Moments like these are unforgettable. They change the way one thinks. They shift the way one understands one’s place in the universe. They come very rarely - if ever, for some people. I am one of the lucky ones.

I was Best Man at Tito’s and his then wife Mamokotlana’s wedding. I was amazed and honoured that he asked me to be his Best Man. The marriage ended, but my friendship with both Tito and Kotli has lasted through the years. Tito, on his return into a liberated country, was given a Cabinet post in the new government, and then went on to become Governor of the Reserve Bank. It was an orbit and a realm which I was, obviously, unable to keep up with. But through the years, we have kept in contact, through the occasional text message, a phone call late at night, a chance meeting. He has been at the launch of two of my books and he has done so happily and the feeling between us has been warm.

Now the tide has turned. New political realities have changed the landscape and, for whatever reason, Tito has decided not to be reappointed in the position of Governor of the Reserve Bank. It will be difficult for him, because it was a position he enjoyed. He enjoyed the power, the prestige, the sheer uniqueness of the job. He enjoyed the adulation of people and he certainly enjoyed obeisance. He had some really odd quirks – such as insisting on being called “Governor”, even by those close to him apparently - (something I could never do, and never did). He insisted on having his own photographer, and that only the photos taken by that photographer could be used in the media. These are conceits and affectations, which he has lived with for the past 10 years. I suspect they will be difficult things to give up.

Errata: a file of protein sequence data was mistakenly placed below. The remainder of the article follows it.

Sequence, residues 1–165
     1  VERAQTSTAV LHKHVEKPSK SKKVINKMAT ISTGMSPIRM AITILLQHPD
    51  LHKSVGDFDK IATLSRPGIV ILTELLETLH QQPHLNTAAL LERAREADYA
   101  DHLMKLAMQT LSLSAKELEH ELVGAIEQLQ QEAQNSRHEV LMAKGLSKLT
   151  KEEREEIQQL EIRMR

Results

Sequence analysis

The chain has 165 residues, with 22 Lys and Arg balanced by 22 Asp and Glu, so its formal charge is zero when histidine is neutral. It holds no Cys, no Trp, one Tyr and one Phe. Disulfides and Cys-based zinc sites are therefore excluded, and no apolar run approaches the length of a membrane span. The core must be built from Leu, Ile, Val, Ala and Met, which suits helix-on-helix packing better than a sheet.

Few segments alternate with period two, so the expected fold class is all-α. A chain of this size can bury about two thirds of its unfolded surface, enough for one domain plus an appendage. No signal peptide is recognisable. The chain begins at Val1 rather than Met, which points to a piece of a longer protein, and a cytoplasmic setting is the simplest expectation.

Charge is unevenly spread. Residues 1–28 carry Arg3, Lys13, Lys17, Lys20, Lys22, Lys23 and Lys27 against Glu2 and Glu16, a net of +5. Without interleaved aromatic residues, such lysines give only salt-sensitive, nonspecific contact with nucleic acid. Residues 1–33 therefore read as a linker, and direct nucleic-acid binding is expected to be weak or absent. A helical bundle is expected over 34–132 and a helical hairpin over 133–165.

I have heard it said by more than one person (and not only his political enemies) that he is arrogant. That is certainly true. He is. And the job he has held for the past while has allowed that arrogance to grow and perhaps to be unchecked. The arrogance is there, certainly, together with a lack of concern about people, which is sometimes difficult to justify. But I have also experienced something very different as well. I have experienced kindness, and gentleness and friendship and commitment. I have not minded the arrogance, because the other was there also, in good measure. He is a complex character.

I remember sitting in a car, in Roma, the little University village in Lesotho, some 30 minutes outside of Maseru, late at night talking to him. I said to him there was something I needed to tell him, because it may, perhaps, have security implications. I told him I was Gay.

His response was, firstly, surprise. Then he said this. He said “You know, in the struggle, you sometimes see really terrible things. You see necklaces (the terrible method which was used for a while, of placing a burning car tyre around the neck of a suspected spy). You see dead bodies. You see torture.” He went on, “In that spectrum, to find out that someone is Gay, is a very small thing indeed”.

I have always valued that comment, for putting things in a bit of perspective.